I’m not gonna pretend to know everything about punk, but I’ve managed to learn a little as I slowly catch myself up on all the original architects of punk. And somewhere between Stooges/ MC5 protopunk and the big bang of Ramones, sits this obscure Detroit band, Death, who’s music finally found wide release a couple months ago (yeah, I’m probably a little late coming to this by internet standards).
And they have a great story too. Three brothers, David, Dannis, and Bobby Hackney, ditch their R&B sound for rock after seeing an Alice Cooper show. (David started playing guitar when he found one in the trash the day after he and his brothers saw The Beatles perform on the Ed Sullivan show). Playing shows locally, they eventually caught the ear of the head of Columbia Records when they randomly set up studio time at a company owned by Stax producer Don Davis. They were ready to release an album in 1975, but it all fell apart when they were asked to change their name.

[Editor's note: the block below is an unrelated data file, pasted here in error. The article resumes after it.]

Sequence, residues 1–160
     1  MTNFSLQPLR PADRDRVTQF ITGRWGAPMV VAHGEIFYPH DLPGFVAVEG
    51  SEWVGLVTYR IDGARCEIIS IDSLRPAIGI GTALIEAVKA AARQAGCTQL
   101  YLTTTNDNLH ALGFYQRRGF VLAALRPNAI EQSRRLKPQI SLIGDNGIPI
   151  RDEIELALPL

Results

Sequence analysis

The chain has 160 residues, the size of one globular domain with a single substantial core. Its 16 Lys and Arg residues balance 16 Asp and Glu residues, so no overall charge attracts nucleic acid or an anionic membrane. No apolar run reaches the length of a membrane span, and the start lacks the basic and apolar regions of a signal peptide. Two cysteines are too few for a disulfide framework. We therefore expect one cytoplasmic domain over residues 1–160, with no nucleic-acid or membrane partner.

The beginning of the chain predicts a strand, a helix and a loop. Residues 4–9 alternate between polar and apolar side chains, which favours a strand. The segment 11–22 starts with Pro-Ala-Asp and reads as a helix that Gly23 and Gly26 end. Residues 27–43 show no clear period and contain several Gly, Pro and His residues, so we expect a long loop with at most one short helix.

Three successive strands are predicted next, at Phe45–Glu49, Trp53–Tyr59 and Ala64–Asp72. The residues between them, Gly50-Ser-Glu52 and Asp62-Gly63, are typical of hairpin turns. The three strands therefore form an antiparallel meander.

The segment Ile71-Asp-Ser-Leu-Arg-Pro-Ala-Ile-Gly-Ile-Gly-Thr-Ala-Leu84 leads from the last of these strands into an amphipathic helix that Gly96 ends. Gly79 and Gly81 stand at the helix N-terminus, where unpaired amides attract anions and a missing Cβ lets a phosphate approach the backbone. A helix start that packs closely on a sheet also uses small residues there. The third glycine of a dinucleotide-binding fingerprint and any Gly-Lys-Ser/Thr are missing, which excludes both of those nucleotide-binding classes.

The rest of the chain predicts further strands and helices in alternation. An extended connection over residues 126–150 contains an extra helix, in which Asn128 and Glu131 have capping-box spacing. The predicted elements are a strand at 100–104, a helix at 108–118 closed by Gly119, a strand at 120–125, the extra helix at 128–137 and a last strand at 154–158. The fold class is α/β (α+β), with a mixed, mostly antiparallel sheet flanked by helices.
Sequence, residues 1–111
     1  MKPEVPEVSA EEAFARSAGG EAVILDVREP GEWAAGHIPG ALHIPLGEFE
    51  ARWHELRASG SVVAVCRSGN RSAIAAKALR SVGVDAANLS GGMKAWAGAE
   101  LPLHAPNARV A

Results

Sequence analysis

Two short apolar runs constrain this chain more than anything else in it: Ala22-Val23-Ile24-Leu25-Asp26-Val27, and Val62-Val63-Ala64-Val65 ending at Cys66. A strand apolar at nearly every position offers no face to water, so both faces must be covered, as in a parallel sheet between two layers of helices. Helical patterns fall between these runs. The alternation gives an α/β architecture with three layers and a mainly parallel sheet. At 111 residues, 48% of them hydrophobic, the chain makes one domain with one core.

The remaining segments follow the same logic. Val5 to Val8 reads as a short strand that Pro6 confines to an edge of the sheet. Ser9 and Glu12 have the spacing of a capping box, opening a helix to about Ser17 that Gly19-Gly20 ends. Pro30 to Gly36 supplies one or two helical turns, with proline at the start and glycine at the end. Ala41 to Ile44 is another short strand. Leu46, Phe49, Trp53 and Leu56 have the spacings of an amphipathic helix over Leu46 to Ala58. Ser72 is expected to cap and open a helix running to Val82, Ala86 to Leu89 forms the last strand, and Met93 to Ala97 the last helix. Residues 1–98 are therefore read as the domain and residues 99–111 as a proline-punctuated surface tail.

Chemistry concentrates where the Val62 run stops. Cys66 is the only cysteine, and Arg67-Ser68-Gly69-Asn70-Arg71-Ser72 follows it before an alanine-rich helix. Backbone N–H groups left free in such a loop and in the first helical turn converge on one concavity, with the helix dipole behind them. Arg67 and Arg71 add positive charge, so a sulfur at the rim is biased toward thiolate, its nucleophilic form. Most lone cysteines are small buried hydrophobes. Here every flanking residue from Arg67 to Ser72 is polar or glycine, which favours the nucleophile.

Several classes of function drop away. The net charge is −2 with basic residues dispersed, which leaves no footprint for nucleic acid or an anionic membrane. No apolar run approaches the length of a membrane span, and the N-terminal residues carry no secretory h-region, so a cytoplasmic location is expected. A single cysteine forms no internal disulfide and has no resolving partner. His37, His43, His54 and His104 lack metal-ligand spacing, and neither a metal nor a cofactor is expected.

Of course, this would seem to be the perfect punk legend of not selling out, but supposedly part of the reason to stick with the name was that David planned to pen a (decidedly un-punk sounding) rock opera that looked at death in a positive light. Only 7 of the planned 12 songs got recorded. Their self-released 7″ of “Politicians in My Eyes/Keep on Knocking” became collector’s item among hard core audiophiles, but most of the work recorded for the album was not released until February 2009, by Drag City. There are some definitely great songs here, but they’re even more fun when you think about the fact that they were written in 1974.
Three of the sons of Bobby Hackney from Death now play in a punk band called Rough Francis, which cover a lot of their father’s songs.